• Customers and the makers/providers of a critical product or service
  • Vendors and their significant customers

The “key person” must consent and cooperate in obtaining the insurance, although coverage may be required as a matter of employment. Under current IRS rules, the company must notify the employee in writing and obtain the employee’s written consent before a life insurance policy is issued, and must also report all corporate-owned life insurance policies to the IRS annually to avoid taxation of the death benefit, or policy proceeds.

key person insurance

Reasons to Purchase Key Person Insurance

Ther major reasons to purchase life or disability insurance on a significant contributor to your company include the following:

1. Maintaining Adequate Revenues
When the missing person is a substantial contributor to the sales and/or cash flow of a business, key person insurance will help ensure that sufficient funds are available until revenues can be replaced. Creditors and employees, even though sympathetic to the problems faced by a company with an unexpected key person loss, cannot usually afford to forgo payment or salaries during the replacement process. Insurance can provide the critical funds until revenues are restored.

2. Funding Recruitment and Training of a Replacement
Finding, hiring, and training a key employee is time-consuming and expensive in the best of times. When the unexpected loss includes lost revenues, production delays and problems, or customer service problems, tensions can rise across the board and the importance of finding the right person who can quickly and smoothly assume the duties of the missing person is even more critical.

3. Protecting Assets and Repaying Debts
Companies often have mortgages on real estate, obligations on facilities and equipment, and short-term financing arrangements that are required to operate the business on a day-to-day basis. The deceased or disabled person is often a key member of management who is responsible for continued sales, production, or financial management, all of which will concern any creditor or lender to the business. Key person insurance demonstrates management foresight and a continued ability to meet contractual obligations in the event of a tragic event; this provides lenders the peace of mind not to collect the entire balance due.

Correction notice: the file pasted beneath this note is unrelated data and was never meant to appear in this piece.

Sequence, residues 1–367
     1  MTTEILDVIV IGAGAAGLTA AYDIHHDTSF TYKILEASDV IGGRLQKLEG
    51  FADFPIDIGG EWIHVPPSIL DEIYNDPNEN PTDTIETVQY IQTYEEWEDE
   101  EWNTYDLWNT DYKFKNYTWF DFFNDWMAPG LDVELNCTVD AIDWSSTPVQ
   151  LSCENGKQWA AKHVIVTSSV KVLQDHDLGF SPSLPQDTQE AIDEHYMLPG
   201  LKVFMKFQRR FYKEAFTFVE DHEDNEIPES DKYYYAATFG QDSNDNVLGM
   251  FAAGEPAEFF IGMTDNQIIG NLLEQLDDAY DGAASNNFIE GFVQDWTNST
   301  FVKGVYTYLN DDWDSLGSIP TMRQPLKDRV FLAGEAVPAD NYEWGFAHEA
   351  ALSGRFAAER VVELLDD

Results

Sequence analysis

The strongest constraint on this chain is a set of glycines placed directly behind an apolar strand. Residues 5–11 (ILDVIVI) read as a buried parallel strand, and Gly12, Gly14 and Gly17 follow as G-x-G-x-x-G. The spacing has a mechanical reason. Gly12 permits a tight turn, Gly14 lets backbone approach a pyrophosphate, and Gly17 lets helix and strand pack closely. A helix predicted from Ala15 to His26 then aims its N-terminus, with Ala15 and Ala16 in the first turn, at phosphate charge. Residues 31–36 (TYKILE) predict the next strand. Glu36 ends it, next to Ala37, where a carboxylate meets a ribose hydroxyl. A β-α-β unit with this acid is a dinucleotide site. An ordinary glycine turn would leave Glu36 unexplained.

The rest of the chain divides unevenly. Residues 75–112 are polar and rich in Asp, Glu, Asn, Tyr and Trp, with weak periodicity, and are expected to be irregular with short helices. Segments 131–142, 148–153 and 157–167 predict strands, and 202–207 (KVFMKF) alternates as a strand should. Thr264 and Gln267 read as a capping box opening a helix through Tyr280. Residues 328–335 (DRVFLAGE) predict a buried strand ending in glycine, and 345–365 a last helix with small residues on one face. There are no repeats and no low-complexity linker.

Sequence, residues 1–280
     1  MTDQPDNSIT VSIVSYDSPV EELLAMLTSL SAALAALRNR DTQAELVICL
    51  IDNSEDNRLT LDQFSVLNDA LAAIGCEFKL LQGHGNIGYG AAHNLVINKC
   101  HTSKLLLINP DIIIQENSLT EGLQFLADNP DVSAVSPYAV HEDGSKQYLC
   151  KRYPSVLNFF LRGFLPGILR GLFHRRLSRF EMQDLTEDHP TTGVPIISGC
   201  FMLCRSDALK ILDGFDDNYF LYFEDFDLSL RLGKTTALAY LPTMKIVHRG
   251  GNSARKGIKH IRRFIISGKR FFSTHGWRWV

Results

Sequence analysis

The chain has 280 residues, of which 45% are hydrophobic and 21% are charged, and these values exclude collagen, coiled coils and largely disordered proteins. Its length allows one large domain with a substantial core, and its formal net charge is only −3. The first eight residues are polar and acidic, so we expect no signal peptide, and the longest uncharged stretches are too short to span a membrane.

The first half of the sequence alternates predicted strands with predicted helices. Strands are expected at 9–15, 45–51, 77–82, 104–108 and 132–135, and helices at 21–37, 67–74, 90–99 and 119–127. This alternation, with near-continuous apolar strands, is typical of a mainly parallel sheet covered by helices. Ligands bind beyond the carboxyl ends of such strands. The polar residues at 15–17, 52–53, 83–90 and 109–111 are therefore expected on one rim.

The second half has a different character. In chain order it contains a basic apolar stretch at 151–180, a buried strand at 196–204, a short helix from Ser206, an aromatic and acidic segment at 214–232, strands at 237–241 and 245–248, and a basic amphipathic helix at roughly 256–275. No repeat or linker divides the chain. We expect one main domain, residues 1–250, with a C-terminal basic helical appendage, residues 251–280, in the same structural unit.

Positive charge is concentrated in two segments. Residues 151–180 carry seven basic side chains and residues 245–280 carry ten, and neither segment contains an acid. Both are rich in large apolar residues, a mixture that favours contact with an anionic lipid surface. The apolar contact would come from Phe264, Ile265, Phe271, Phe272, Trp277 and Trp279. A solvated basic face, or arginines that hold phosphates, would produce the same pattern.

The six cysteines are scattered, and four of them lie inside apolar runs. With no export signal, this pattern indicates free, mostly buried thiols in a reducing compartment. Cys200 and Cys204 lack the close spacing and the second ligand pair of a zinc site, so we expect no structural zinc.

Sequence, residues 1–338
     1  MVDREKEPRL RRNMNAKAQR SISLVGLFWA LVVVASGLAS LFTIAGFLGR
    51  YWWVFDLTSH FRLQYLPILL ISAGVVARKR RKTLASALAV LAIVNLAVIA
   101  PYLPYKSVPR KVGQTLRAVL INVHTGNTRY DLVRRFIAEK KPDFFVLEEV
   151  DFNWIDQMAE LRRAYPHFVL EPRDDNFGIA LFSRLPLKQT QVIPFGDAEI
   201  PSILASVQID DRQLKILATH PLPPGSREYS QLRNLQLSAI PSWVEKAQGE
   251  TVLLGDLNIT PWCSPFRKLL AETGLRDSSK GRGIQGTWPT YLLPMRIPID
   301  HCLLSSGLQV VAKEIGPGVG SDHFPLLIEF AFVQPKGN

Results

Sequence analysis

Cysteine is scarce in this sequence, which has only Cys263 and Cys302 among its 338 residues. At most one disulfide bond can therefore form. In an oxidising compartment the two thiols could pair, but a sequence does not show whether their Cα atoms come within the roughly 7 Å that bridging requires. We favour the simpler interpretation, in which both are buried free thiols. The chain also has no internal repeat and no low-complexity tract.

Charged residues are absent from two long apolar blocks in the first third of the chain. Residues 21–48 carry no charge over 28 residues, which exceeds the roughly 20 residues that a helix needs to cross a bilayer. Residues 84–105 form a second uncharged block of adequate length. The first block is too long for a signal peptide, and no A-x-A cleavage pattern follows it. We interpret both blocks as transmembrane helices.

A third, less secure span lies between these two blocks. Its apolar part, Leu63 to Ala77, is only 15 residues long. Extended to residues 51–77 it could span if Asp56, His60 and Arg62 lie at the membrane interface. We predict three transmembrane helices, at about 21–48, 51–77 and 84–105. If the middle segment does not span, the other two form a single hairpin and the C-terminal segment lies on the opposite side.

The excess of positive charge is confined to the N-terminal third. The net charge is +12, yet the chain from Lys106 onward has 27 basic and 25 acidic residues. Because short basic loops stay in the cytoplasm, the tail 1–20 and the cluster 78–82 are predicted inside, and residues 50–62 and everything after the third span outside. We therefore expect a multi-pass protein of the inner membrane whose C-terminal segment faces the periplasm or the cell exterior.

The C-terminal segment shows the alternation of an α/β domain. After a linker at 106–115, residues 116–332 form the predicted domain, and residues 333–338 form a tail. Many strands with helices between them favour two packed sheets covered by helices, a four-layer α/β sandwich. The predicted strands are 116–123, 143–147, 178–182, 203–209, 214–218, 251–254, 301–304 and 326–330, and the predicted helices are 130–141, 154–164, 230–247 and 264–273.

4. Ensuring Cash Flow
Companies in industries such as mortgage and finance depend on a continuous source of short-term loans and financing for revenues. A hiccup in the flow of funds – an inevitable consequence if the key person is essential in the lending relationship – can result in lost market share, declining sales, and unexpected losses. Proceeds from insurance can span the gulf between the loss of the key person and his or her successful replacement.

5. Protecting Existing Equity Owners
Often, the insured individual is also an owner of the business whose family will inherit his or her business interests. Insurance owned by the corporation can provide the necessary funds to pay business obligations to the family or purchase their interests in the event of death or disability to the insured. Without insurance proceeds, the remaining owners may be forced to either liquidate the business or replace funds used to meet the obligations.